South Minneapolis’ Most Magical Garden

From clipped boxwoods to native blooms and more, this couple’s hillside garden on Diamond Lake is a sight to behold

Photos by Tracy Walsh

Thanks to her mother and 10 years at Tangletown Gardens, homeowner Marsha Loewenson is not only knowledgeable about gardening, but passionate, too.

“It’s the only place I can go to not think about anything else and really appreciate where I am and what I’m doing,” says Marsha Loewenson when asked about her passion for gardening.

Inspired by her mother, an enthusiastic gardener who was also a painter and dress designer, Loewenson already knew a fair amount about plants when she and her husband, Dan, bought their house on Minneapolis’ Diamond Lake in 1985.

But it wasn’t until she retired from the Minneapolis Institute of Arts and spent 10 years working at Tangletown Gardens that she really learned what works and what doesn’t. She explains, “Working there, I learned so much about how to combine different textures and colors and bring things together. That’s when I got going on my own garden, too.”

Of course, that’s not to say that everything is a cinch for Loewenson—like all gardeners, she always has a new challenge to tackle, such as what to do with the front yard after the loss of an enormous pine tree.

Tidy, clipped boxwoods and a peninsula of perennials lend balance and texture to the lakeside property, while fiery orange lantanas add a pop of color.

And then there’s the backyard, where Loewenson has managed to create an artful sense of cohesion between different areas of the property. The English-style formality of the clipped boxwoods and perennial beds in the upper part of the yard complement the wild feel of the native and pollinator plants that bloom on the steep hillside and lead to the lake. “I think the gardens are working together pretty well now, but I went through a lot of trial and error to figure out what plants to use in the top part of the yard that would hint at what’s below on the hillside,” she says, adding that it helps to start with “the bones” of the garden first (trees and shrubs) and add more plants from there.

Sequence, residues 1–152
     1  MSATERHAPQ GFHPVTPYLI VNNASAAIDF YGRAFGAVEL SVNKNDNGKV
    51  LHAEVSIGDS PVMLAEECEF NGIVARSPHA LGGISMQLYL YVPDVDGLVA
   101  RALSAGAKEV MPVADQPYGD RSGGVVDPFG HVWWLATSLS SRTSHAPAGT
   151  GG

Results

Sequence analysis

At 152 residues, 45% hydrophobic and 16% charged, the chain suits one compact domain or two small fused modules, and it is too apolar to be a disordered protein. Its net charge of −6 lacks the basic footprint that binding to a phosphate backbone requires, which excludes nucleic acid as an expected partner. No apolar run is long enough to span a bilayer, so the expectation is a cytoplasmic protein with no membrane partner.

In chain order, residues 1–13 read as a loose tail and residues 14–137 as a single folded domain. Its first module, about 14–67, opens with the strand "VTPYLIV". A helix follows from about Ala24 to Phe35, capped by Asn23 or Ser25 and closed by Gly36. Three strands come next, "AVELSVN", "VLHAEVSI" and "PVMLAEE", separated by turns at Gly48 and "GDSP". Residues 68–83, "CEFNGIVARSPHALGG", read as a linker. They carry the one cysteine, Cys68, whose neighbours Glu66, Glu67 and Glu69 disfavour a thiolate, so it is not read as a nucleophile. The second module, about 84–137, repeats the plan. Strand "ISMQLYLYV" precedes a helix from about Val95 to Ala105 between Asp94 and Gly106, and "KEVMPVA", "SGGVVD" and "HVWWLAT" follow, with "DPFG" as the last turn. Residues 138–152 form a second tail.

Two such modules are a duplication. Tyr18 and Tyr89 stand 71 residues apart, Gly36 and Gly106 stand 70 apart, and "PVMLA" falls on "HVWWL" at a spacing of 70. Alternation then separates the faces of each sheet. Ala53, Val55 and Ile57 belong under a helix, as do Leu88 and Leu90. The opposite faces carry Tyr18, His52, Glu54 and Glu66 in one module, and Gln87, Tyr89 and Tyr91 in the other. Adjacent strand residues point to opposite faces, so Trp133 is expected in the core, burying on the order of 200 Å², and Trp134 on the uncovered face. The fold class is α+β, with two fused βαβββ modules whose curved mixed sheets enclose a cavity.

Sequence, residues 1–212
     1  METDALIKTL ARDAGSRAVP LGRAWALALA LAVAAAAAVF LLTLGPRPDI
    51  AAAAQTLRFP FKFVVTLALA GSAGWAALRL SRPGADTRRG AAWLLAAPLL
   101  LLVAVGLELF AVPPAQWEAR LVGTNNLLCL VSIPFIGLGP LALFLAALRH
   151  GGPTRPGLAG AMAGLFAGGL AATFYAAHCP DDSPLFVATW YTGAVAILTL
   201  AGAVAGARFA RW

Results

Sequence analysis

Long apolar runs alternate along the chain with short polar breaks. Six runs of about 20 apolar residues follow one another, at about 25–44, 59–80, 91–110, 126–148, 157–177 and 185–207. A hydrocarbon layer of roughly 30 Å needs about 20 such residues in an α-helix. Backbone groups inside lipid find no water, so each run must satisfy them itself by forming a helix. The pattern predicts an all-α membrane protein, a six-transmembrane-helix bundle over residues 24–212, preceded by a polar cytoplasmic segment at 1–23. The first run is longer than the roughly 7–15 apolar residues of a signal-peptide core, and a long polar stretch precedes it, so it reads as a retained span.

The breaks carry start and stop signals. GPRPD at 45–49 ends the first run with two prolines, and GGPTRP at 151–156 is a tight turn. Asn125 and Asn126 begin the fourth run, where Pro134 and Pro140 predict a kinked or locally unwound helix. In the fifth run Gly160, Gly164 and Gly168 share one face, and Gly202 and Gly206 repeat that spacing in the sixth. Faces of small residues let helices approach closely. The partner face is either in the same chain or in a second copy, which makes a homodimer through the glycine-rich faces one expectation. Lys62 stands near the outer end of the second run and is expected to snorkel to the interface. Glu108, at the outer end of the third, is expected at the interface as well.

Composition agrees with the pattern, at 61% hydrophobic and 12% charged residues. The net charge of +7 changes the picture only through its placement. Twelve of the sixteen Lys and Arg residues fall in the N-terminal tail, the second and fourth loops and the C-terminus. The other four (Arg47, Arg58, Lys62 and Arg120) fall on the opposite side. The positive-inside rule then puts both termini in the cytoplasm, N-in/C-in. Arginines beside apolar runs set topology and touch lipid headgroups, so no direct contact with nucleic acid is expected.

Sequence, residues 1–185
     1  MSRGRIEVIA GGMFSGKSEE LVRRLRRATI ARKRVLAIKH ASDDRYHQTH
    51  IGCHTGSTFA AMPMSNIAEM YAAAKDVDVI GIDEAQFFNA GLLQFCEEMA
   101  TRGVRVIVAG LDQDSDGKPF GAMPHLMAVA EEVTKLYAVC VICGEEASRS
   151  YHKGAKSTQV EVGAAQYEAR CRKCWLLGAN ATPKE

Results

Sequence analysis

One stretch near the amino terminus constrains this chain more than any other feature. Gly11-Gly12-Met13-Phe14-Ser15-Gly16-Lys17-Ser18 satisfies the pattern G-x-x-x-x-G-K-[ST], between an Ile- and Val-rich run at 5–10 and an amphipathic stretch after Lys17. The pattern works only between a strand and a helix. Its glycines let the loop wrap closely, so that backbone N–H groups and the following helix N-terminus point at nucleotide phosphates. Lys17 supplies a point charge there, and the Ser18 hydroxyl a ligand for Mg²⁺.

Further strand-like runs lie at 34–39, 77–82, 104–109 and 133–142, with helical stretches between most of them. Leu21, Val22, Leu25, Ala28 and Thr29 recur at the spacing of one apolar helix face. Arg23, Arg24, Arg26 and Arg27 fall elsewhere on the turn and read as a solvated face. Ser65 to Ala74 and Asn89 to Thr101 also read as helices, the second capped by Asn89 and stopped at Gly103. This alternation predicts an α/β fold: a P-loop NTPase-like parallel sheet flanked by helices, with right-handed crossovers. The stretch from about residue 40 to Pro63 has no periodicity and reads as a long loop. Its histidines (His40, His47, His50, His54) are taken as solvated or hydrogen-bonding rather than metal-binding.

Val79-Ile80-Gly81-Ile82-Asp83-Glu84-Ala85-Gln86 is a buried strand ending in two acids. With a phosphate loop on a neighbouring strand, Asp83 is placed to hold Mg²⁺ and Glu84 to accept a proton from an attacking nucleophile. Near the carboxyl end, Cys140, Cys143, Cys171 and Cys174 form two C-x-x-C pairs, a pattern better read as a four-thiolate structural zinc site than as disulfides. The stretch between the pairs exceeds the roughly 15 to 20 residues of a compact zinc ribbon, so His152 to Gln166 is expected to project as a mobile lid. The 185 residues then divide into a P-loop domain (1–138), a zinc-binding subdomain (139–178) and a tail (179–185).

Another key to Loewenson’s success is her way of framing things in the garden, says her husband, who sees his role as a kind of apprentice since he helps out by digging holes, mulching, and building steps. “Look around and you’ll see there are different sections with their own character,” he explains. “Everything moves from the house to the lake, and she chooses certain plants and where they’re placed to create little surprises that connect everything together.”

One thing Loewenson plans to do next is plant a wider variety of wildflowers on the hill alongside the milkweed and butterfly weed that have started to take over. She may also add a few more small trees to the formal areas of the garden to create structure without obscuring the view. But whatever she does, she knows she’s going to love it. “My philosophy is to love what you’re doing,” she says. “If it brings you great joy, you’re doing the right thing.”


Thrillers, Fillers, and Spillers

Everyone has heard the advice: If you want to create truly stunning container gardens, you’ll need to use thrillers, fillers, and spillers—i.e. plants that add drama and a vertical element; plants that are more rounded to make the container look full; and plants that hang over the edge of the pot. But to take things to the next level, Loewenson likes to combine unusual plants that aren’t often used in containers like banana trees, elephant ears, large ferns, coleus, pineapple lilies, and ornamental oregano. Even if the combinations don’t always work, it’s fun to experiment with things you’ve never done before. “If you have good structure, texture, and color, containers can really enhance your garden, especially in areas devoid of color at certain times of the summer,” she says.


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